22%

    19%

    Lietuvos draudimas

    13%

    0%

    Salva Kindlustus

    9%

    8%

    Seesam Insurance

    8%

    7%

    Swedbank P&C Insurance

    7%

    7%

    Gjensidige

    7%

    7%

    BTA

    5%

    9%

    Inges Kindlustus

    2%

    4%

     

    Market breakdown: land vehicle insurance

    Service Provider

    As at 31 Dec 2015

    As at 31 Dec 2014

    IF P&C Insurance

    25%

    23%

    Swedbank P&C Insurance

    19%

    19%

    Lietuvos draudimas

    17%

    0%

    ERGO Insurance

    15%

    15%

    Seesam Insurance

    11%

    12%

    BTA

    7%

    6%

    Salva Kindlustus

    4%

    4%

    Gjensidige

    2%

    3%

     

    Market breakdown: property insurance

    Service Provider

    As at 31 Dec 2015

    As at 31 Dec 2014

    IF P&C Insurance

    30%

    31%

    Swedbank P&C Insurance

    18%

    17%

    Lietuvos draudimas

    15%

    0%

    ERGO Insurance

    12%

    13%

    Seesam Insurance

    12%

    12%

    Salva Kindlustus

    7%

    6%

    Gjensidige

    3%

    2%

    BTA

    3%

    3%

    1.7.4. Non-life Insurance Brokers

    According to the data received by the Financial Supervision Authority, insurance brokers registered in Estonia brokered insurance contracts in non-life insurance for the total amount of insurance premiums of 139 million euros in 2015 (135 million euros in 2014).

    In 2015, the insurance premiums brokered by Estonian brokers were the following:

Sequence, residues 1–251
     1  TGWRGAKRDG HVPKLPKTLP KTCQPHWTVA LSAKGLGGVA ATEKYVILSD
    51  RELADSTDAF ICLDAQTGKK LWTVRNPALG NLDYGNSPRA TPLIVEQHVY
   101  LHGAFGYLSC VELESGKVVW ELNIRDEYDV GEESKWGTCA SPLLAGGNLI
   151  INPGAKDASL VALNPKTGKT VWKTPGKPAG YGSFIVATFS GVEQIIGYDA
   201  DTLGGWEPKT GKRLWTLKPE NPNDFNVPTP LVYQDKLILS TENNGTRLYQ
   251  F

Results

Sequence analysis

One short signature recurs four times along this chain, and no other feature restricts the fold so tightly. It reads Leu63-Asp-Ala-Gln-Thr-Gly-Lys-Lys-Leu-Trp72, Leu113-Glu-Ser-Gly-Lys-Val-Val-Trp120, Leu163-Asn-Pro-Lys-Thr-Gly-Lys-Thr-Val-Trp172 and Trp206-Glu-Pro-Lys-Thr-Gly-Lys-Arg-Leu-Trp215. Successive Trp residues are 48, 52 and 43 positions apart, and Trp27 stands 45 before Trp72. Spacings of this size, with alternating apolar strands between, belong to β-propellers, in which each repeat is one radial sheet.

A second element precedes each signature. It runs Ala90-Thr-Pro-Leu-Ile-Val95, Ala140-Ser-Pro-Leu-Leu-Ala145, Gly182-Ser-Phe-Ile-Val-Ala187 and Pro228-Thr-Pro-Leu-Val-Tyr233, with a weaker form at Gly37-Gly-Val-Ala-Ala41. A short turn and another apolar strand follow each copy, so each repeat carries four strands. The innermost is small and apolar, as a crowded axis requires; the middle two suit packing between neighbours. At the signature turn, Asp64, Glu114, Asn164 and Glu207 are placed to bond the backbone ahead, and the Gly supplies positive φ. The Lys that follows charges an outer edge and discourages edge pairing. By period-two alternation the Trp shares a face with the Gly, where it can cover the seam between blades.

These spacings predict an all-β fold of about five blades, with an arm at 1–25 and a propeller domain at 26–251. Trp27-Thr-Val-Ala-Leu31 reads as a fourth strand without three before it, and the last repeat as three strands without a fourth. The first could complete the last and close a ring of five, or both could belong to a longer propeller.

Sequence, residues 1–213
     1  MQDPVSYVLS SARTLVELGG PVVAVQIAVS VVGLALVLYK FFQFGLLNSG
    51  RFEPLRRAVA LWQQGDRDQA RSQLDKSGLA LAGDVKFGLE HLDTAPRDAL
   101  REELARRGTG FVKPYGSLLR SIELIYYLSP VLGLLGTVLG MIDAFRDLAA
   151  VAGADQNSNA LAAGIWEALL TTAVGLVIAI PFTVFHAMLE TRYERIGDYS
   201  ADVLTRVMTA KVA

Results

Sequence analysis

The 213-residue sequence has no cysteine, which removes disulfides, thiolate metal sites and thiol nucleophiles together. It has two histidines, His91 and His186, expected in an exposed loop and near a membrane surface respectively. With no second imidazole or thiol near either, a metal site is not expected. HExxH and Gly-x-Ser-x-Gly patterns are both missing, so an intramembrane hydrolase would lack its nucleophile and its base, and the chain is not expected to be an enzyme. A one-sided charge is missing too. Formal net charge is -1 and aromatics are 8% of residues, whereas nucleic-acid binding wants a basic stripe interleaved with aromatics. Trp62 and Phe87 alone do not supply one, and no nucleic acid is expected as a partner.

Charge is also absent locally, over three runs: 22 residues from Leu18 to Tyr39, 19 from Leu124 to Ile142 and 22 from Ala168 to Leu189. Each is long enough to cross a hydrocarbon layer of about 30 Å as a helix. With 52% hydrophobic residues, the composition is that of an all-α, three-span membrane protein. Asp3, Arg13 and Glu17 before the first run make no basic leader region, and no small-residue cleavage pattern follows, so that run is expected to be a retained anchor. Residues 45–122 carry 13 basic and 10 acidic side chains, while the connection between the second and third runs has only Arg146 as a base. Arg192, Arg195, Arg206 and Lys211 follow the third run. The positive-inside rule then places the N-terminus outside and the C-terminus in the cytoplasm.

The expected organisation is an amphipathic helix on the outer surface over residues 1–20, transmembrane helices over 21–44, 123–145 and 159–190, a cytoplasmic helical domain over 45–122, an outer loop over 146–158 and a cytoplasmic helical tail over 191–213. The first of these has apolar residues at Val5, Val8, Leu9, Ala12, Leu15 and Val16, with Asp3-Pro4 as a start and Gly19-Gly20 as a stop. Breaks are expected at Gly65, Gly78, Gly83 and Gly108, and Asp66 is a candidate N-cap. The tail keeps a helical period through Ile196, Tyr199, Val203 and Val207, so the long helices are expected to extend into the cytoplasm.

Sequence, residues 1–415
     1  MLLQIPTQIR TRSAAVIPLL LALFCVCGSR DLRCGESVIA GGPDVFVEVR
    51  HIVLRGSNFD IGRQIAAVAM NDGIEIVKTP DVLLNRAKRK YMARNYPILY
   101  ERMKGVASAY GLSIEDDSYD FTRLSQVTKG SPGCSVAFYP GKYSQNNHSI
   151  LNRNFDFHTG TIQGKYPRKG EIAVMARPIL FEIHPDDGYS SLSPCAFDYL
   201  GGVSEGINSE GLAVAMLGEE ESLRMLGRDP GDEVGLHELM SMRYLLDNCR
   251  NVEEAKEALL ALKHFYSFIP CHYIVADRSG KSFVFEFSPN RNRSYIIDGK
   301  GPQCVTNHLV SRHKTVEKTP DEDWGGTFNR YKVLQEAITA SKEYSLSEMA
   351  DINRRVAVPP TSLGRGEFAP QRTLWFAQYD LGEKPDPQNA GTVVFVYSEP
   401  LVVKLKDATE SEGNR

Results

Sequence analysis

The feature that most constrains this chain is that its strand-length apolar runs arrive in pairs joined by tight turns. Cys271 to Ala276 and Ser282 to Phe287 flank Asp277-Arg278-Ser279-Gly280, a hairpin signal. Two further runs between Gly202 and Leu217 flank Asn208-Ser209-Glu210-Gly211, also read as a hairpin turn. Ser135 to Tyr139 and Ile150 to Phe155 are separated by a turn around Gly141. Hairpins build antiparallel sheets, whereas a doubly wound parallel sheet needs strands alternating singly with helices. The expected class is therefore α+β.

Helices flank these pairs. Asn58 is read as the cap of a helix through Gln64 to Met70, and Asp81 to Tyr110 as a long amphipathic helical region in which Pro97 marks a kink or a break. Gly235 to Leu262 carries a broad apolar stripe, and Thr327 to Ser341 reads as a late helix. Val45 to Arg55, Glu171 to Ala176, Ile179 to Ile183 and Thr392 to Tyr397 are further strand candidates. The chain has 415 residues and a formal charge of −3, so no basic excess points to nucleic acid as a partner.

• 111 million euros or 80% of insurance premiums were insurance premiums of Estonian insurance companies and
  • 28 million euros or 20% were insurance premiums of foreign insurance companies
  • The biggest share of contracts of foreign insurance companies was vehicle and goods in transit insurance (15 million euros), financial loss insurance (5 million euros) and property insurance (also 5 million euros).

    In 2015, non-life insurance contracts were brokered by 41 insurance brokers. 90% of brokered contracts have been made by 12 insurance brokers out of 41.

    Overall market breakdown

    Service Provider

    Market Share in 2015

    IIZI Kindlustusmaakler Aktsiaselts AS

    31%

    Marsh Kindlustusmaakler AS

    13%

    AS Vandeni Kindlustusmaaklerid

    7%

    KindlustusEst Kindlustusmaakler OU

    7%

     

    Customers

    778,603 brokered contracts

    Service volume

    EUR 139 million insurance premiums received in 2015

    1.7.5. Investment and Pension Funds